And by the way, poking holes in an aircraft with bullets will not cause explosive decompression. The holes are too small; they're nothing but leaks in the pressure vessel. Over time, they would cause a loss of cabin pressure and require the plane to descend to breathable altitude, but they won't bring the plane down, and they won't kill the occupants (though the bullets might on their way out). Planes can still be landed even with rather large holes in them. See here for an example, and it's a WAY larger hole than any bullet could ever make.
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Old Dec 10, 11, 4:23 pm
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Originally Posted by WillCAD View Post
But aircraft are not likely to crash into buildings, either. You think an unpiloted plane will seek out a tall building and plow into it the way the 9/11 planes did? Hogwash! Those guys had to take piloting classes to learn how to fly the planes, and they were barely able to hit their marks. I suppose that if a bad guy took out the ENTIRE flight crew of a plane on approach to a major city airport like Laguardia or Reagan, the plane might fly itself into a populated neighborhood and kill a bunch of people. In NYC, it might even fly into a skyscraper, since there are a lot of them in a small area. But it's a crapshoot; you take out the ENTIRE flight crew, and the plane might crash someplace, or it might crash someplace else. Such an attack is so random and so difficult to predict casualty levels that it's an extremely unlikely attack vector.
To help your point, aircraft crashing in crowded areas have not typically done much damage either:
http://en.wikipedia.org/wiki/America...nes_Flight_587 <- 1 killed on the ground
http://en.wikipedia.org/wiki/America...nes_Flight_191 <- 2 killed on the ground
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Old Dec 10, 11, 7:05 pm
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Originally Posted by saulblum View Post
Ron, how many guns were found at checkpoints each year in the decade before the TSA entered the scene? I don't have the numbers, so I am asking. But I am willing to bet that it is comparable to today's numbers, except twenty years ago there probably was not a news story every time a passenger was caught with a gun.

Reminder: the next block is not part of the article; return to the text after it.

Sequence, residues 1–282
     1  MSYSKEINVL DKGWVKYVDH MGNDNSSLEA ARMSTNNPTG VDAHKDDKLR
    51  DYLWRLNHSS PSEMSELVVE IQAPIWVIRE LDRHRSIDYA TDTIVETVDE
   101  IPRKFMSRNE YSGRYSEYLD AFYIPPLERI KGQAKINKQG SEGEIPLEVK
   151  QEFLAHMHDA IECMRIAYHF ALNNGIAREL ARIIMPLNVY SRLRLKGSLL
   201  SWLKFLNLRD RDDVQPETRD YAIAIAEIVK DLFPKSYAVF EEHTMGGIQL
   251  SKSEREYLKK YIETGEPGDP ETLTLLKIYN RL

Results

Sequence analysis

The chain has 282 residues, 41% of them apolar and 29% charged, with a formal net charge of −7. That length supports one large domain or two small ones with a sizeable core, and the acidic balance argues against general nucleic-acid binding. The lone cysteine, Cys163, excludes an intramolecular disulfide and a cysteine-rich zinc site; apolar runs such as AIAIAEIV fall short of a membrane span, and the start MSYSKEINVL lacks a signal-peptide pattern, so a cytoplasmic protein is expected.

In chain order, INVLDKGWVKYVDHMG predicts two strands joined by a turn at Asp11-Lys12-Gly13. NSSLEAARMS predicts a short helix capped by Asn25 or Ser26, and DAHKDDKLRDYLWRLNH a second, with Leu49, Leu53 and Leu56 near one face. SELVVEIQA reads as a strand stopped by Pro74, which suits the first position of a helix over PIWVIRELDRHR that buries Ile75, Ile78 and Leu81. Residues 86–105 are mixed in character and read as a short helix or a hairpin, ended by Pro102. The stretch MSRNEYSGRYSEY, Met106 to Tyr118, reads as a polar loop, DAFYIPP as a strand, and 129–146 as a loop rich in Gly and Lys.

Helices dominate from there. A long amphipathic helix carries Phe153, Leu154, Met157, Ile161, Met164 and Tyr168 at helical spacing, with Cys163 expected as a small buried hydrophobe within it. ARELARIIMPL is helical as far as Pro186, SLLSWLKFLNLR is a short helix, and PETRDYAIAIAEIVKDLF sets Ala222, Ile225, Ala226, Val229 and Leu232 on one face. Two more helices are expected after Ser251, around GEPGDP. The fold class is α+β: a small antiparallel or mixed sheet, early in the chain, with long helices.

And I'll ask again: how many of those same guns would have been caught if checkpoints continued to only use metal detectors and baggage x-rays. Again, I have no numbers, but I am willing to bet that almost all the "good finds" were using those two screening devices.
I admit that I am a wealth of knowledge and experience for the F/T crowd to use, but that is information I don’t have. If you find it please share.

Originally Posted by jkhuggins View Post
Kinda like the cannonball experiment they did earlier this week, right? Tell that to the home owner.

Try re-reading what I wrote please, not what you think I wrote.

Originally Posted by WillCAD View Post
A valid point. There IS NO SUCH THING AS SAFE. So why does TSA continuously add more layers to an already-bloated and near-impractical system, violating peoples' Constitutional rights, causing pain, humiliation, and discomfort (and quite possibly, cancer clusters which may needlessly take hundreds of lives over time) to millions of travelers, and spending billions of dollars, in the pursuit of an impossible ideal?
First of all the view that TSA is bloated and impractical is again one of those myths. Makes nice copy though.

Second, as it stands right now the courts say that we are within the confines of the constitution. That may change eventually, but then again it may not. Your opinion on the matter counts as exactly 1/300,000,000th. I believe you will find that yours is a really small island upon which to stand.